Starring: Christian Bale, Amy Adams, Steve Carell
Director: Adam McKay
Running Time: 132 mins
Vice is an American film about the political career of Dick Cheney, who rose through the ranks of Republican governments through the years, up to his tenure as Vice President to George W. Bush, when he ammassed immense political power never before seen in the US government.
There are few figures in 21st Century politics with such significant historical influence and still widespread controversy, however Dick Cheney is certainly one to fit that bill. In Vice, the politican’s career is detailed as he manoeuvres his way through the ranks of the Republican Party over the course of three decades, culminating in his appointment as Vice President.
As a political biopic, Vice is a fascinating watch, and although the movie’s presentation of Cheney is something that’s for discussion elsewhere, it details his career and development in riveting detail, despite Cheney’s secrecy and cunning that leaves so many major moments of his career still in the dark.
On top of that, the film works as a lighter, comedic take on the typical biopic, with director Adam McKay on board following his breakout awards season success with The Big Short, and that irreverent and ambitious sense of humour is carried over, giving the movie a great energy throughout that makes it just as entertaining as it is historicall interesting, albeit occasionally getting in the way of the film’s more pressing issues.
In fact, as much as I liked Vice, its biggest problem is unfortunately its most unique and ambitious element: the comedy. Above all, the film’s first act and a half is where it really struggles to balance its role as a comedy and serious political biopic, featuring funny fourth wall-breaking comedy that pushes the boundaries of the biopic genre, yet doesn’t quite fit with the topic at hand.
In comparison to The Big Short, which focused on the farce and chaos of the financial crisis, as well as the hilariously incomprehensible nature of big money to the average layman, Vice’s subject matter doesn’t quite fit with McKay’s irreverent sense of humour, and although it’s good to see the director still pushing boundaries and doing something different with a political biopic, the more serious, Machiavellian nature of Cheney’s career doesn’t gel as well with that comedy, which is something that makes the film feel a little all over the place over the course of its first act.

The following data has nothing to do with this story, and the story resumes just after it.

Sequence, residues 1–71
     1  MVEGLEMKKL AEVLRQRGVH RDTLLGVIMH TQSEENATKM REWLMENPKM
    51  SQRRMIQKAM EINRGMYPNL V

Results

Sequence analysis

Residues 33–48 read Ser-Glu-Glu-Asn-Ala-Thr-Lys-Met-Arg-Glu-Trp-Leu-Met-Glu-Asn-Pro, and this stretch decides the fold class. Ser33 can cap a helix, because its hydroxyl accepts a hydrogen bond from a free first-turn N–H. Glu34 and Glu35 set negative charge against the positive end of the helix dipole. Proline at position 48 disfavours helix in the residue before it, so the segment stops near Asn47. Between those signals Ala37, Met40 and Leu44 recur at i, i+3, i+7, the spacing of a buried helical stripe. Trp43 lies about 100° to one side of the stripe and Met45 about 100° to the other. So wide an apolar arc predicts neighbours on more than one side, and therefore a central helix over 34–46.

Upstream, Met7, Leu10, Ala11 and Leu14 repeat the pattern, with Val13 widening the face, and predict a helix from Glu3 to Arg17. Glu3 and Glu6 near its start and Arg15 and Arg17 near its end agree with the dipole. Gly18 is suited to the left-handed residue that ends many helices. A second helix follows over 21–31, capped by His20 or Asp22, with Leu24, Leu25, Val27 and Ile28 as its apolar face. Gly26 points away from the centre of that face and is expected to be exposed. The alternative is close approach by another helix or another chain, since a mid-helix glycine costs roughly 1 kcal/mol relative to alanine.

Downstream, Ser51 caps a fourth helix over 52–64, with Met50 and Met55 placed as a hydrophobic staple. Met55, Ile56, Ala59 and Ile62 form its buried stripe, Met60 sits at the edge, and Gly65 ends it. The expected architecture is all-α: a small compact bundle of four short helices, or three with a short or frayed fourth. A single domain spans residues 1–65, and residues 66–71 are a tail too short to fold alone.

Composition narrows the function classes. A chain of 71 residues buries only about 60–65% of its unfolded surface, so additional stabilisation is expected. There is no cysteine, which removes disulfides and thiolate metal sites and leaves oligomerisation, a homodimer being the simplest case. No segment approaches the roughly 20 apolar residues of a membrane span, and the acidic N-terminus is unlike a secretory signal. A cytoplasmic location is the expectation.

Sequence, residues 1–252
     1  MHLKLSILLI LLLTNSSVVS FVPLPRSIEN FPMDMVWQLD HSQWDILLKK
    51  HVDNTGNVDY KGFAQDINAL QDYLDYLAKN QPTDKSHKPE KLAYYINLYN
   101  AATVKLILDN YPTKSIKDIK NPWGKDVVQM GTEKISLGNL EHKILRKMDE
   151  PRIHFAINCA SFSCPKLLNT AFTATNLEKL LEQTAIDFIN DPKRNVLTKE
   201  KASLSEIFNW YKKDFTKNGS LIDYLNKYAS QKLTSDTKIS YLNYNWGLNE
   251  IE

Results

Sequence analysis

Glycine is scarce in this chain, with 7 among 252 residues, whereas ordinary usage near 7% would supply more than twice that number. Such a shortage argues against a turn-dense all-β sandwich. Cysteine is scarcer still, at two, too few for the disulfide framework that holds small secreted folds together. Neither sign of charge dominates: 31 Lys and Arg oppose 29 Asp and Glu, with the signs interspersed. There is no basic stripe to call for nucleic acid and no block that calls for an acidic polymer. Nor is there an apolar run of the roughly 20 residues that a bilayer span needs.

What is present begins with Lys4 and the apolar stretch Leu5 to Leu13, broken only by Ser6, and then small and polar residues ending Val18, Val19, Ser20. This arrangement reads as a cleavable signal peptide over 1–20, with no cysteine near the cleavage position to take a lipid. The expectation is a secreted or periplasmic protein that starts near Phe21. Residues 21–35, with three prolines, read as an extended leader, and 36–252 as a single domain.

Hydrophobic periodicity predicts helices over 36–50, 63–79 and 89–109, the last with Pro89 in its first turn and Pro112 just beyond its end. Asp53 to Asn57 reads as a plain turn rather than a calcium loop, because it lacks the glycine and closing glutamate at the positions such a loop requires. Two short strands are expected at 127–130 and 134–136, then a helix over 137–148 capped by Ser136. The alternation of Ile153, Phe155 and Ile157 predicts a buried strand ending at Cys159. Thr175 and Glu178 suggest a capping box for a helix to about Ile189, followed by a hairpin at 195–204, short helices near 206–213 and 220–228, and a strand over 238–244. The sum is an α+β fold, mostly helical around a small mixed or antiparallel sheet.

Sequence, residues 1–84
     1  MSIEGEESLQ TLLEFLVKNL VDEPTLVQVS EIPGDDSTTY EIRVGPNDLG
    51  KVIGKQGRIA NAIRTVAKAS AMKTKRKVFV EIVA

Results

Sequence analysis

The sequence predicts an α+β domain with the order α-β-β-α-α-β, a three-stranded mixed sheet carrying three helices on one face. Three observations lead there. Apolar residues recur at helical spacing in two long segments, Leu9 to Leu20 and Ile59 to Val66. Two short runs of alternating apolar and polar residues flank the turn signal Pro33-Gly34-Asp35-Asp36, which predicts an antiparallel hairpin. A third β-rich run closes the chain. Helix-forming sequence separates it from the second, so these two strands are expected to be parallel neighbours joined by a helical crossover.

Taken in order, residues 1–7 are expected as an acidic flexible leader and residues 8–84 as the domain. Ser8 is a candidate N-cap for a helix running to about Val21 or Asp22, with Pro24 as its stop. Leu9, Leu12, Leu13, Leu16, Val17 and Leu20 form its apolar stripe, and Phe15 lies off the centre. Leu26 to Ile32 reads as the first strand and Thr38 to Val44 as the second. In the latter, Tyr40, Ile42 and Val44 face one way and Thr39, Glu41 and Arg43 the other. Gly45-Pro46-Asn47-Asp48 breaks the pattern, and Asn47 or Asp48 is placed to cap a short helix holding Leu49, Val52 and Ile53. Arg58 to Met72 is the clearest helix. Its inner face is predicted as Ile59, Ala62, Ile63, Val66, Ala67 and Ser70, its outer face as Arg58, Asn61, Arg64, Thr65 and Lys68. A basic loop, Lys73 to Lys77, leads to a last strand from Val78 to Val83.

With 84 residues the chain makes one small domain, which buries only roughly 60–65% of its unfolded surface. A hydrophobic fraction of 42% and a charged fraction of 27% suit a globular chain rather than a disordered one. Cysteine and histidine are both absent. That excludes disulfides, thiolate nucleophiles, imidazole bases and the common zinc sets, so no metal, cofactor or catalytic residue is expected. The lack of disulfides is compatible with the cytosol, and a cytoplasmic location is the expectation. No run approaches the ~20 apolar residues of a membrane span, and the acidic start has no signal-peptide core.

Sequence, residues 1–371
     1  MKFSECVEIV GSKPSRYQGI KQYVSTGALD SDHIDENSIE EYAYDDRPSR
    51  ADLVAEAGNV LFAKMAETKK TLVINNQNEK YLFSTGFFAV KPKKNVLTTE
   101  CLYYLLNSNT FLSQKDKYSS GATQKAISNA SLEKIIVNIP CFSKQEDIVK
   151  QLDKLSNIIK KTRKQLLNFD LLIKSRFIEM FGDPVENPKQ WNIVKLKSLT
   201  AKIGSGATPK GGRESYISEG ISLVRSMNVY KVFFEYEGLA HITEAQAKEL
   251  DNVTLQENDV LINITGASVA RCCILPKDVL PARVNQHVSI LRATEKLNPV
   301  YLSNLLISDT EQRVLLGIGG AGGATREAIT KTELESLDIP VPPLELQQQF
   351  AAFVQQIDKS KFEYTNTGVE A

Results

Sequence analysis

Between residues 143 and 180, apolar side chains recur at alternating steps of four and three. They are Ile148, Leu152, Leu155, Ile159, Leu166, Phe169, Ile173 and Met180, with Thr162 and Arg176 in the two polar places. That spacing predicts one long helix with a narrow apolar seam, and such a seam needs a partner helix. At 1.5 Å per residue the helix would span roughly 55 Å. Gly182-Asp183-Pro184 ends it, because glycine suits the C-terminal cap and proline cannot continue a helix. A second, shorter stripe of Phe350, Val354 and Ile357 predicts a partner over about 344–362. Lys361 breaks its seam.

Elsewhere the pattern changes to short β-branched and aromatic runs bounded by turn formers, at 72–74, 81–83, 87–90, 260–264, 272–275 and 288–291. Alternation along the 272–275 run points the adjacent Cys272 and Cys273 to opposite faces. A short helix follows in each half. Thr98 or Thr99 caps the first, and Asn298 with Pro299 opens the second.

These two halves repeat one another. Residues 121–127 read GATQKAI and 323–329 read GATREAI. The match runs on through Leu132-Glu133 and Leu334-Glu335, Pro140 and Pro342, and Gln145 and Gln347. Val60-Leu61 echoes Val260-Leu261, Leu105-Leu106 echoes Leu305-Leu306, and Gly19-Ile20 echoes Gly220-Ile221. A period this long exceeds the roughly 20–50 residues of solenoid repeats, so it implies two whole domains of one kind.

With that said, however, once we get up to the year 2000, things start to settle down a bit, and the movie really gets into its stride as a more standard, yet thoroughly engrossing biopic. I’m glad that the film doesn’t just deal with the Bush era after 2000, and the development of Cheney’s career since the late 60s is something that I was totally unaware of, however the real meat of the movie comes in the first term of the Bush presidency, and it does a great job at telling what went on at the highest seat of power in the world.
Again, while the film’s presentation of Cheney is overwhelmingly negative, and there’s every chance that there’s a bit of artistic license taken when portraying this hyper-secret government meetings, the key themes of Cheney’s role in the War on Terror, developing energy and more that effectively superceded President Bush’s power are all there, and that’s what really makes for an engrossing watch.
Christian Bale’s performance as Cheney is very strong throughout, cementing him in your eyes as a driven, intelligent and calculating politician, strengthening the drama and intrigue when it comes to his ever-growing political power at the top of government, and as the film’s detailing of the Bush presidency goes on, the intensity of Bale’s performance develops too, which I found absolutely fascinating to watch.
Alongside, Amy Adams is a real stand-out as Lynne Cheney, with a regularly scene-stealing performance that’s both charismatic and convincing, while further supporting players like Steve Carell, Sam Rockwell and a whole host of others bring great energy to the world of political gamesmanship, linking up with the film’s irreverent attitude and genre-breaking style to provide a thoroughly entertaining watch, as well as one that further deepens your intrigue of the true history.
Overall, I liked Vice a lot. It’s a fascinating biopic that really hits its stride in its key period of history, with an intriguing portrait of Dick Cheney’s life and immense role in shaping the modern world, furthered by strong performances across the board and typically charismatic and energetic directing from Adam McKay that makes for an entertaining watch, albeit one that unfortunately feels a little muddled a lot of the time, and that’s why I’m giving Vice a 7.6.